Lillie Coney, a legislative director specializing in technology policy for a member of the US House of Representatives, replied, “AI will be achievable because of advances in computing. However, it is still AI not human intelligence. There will be jobs to teach machines to perform their functions. People will work to perfect the technology to perform certain jobs, while determining the level of intelligence needed by each device. Creating something to perform mining that has the IQ of Einstein would be wasteful. Monitoring of technology to be sure that it is performing as intended will create opportunities.”
A sizeable number of respondents noted that there are many attributes—such as empathy, creativity, judgment, or critical thinking—that are uniquely human, and that technology may never be able to duplicate. As such, jobs requiring these skills will remain relatively immune from encroachment by automation.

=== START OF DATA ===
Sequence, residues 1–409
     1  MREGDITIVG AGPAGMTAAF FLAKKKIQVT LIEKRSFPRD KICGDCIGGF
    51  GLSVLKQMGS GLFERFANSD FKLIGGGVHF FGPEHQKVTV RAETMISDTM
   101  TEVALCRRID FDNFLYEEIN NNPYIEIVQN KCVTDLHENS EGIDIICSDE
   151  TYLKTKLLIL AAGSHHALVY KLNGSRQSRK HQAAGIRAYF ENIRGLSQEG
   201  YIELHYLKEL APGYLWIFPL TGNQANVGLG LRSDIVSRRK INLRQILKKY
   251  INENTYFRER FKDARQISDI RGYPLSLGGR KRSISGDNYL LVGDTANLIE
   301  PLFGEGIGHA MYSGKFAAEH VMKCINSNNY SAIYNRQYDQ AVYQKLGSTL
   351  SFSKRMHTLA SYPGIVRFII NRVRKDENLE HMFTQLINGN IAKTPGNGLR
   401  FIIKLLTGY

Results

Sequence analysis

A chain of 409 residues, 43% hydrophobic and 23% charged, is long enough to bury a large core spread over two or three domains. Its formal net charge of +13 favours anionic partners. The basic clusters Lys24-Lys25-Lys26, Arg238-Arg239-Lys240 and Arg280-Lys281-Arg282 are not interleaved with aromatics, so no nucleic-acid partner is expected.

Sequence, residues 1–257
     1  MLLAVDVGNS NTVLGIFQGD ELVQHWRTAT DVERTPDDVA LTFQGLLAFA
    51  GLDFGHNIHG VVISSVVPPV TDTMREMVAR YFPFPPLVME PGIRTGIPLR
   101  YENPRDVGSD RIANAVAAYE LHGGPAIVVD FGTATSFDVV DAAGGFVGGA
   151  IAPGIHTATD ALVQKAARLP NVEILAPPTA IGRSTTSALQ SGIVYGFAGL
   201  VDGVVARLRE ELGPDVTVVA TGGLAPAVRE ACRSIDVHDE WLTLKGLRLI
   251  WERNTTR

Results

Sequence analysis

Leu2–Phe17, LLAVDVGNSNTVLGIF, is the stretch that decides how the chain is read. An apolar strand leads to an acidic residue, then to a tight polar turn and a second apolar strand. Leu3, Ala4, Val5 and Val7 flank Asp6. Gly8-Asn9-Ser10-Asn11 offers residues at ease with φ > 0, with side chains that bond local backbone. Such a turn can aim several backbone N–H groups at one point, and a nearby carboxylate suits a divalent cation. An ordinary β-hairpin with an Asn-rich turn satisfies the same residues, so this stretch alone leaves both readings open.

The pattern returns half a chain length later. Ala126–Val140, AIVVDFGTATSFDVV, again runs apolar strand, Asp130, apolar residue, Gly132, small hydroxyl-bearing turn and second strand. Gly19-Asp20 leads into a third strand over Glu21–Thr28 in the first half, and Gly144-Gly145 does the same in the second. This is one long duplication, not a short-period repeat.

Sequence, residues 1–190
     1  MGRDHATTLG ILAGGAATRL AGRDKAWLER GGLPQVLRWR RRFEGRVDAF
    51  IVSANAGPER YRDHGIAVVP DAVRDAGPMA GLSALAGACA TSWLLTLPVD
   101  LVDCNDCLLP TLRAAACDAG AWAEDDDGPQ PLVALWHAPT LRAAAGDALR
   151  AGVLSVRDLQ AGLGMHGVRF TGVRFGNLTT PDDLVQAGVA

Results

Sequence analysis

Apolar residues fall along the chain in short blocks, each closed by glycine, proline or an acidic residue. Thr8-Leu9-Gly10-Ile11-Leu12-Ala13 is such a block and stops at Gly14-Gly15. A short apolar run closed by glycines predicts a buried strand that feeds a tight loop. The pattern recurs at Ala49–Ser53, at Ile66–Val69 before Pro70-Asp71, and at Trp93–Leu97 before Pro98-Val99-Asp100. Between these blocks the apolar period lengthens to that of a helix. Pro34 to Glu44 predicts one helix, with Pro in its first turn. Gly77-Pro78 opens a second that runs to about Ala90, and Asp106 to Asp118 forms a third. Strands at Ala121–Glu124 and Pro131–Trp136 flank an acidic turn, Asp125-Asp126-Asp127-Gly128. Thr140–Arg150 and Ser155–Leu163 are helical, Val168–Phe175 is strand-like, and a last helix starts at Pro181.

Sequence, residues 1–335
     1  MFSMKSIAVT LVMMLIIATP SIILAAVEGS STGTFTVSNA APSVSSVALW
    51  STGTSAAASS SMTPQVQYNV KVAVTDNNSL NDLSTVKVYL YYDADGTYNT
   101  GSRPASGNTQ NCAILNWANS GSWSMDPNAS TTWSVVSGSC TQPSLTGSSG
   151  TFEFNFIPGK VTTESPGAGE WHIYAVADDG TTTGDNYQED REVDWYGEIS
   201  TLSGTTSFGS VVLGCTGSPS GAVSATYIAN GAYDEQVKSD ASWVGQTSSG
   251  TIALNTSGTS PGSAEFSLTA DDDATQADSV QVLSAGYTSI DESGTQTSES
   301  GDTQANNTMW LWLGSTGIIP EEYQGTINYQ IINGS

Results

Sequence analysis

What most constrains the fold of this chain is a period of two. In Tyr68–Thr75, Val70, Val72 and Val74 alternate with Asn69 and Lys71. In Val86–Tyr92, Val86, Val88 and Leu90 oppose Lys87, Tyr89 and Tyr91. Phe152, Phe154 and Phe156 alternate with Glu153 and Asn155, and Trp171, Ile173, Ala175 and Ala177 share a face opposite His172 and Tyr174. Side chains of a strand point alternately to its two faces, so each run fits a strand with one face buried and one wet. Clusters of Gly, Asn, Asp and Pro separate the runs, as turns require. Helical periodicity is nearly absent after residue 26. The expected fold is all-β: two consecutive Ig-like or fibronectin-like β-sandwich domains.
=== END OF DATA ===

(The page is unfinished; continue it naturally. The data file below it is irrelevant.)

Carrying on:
Celia Pearce responded, “I actually see us moving away from AI and towards more crowdsourcing approaches. These tend to work better because it's been proven when you throw a large number of human minds at a problem you can often get a better result than trying to get a computer to resolve it. Truth be told, computers are not very smart. All they are is giant calculators. They can do things that require logic, but logic is only one part of the human mind. Inspiration, creativity and intuition, meaning-making, storytelling and communication are all things that humans can do that computers will never be able to achieve fully.”
The dean/provost of a research university and former CEO of the California Virtual University wrote, “Intelligent devices calculate better than human beings, but they are not creative and don't have judgment. They operate according to laws, and law has from the beginning needed human intervention to prevent it from behaving like an idiot.”
An anonymous respondent wrote, “Anything involving creativity, the arts, or nontrivial conceptual synthesis will remain the domain of human thought for the time being—I've seen no indication that machines could produce an award-winning screenplay or a work of true scholarly genius.”
Herb Lin, chief scientist for the Computer Science and Telecommunications Board at the National Research Council of the US National Academies of Science, wrote, “Those areas in which human compassion is important will be less changed than those where compassion is less or not important.”